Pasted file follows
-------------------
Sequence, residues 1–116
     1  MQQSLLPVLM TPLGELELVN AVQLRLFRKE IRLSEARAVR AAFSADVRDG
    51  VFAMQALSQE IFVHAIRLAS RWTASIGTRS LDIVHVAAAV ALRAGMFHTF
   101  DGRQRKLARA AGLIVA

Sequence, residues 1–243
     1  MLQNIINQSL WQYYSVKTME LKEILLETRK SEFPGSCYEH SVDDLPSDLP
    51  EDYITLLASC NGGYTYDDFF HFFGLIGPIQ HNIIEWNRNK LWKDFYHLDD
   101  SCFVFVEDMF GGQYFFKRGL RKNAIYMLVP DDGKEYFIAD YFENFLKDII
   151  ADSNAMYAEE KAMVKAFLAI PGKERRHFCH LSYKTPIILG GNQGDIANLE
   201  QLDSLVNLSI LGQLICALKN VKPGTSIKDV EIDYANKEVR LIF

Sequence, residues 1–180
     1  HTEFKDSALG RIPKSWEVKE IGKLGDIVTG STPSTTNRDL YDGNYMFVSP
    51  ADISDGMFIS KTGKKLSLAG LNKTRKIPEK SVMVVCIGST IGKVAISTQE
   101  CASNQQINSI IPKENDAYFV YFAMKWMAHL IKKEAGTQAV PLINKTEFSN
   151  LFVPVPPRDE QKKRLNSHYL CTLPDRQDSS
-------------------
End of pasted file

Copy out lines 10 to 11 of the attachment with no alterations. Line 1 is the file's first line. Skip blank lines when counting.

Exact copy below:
   201  QLDSLVNLSI LGQLICALKN VKPGTSIKDV EIDYANKEVR LIF

Sequence, residues 1–180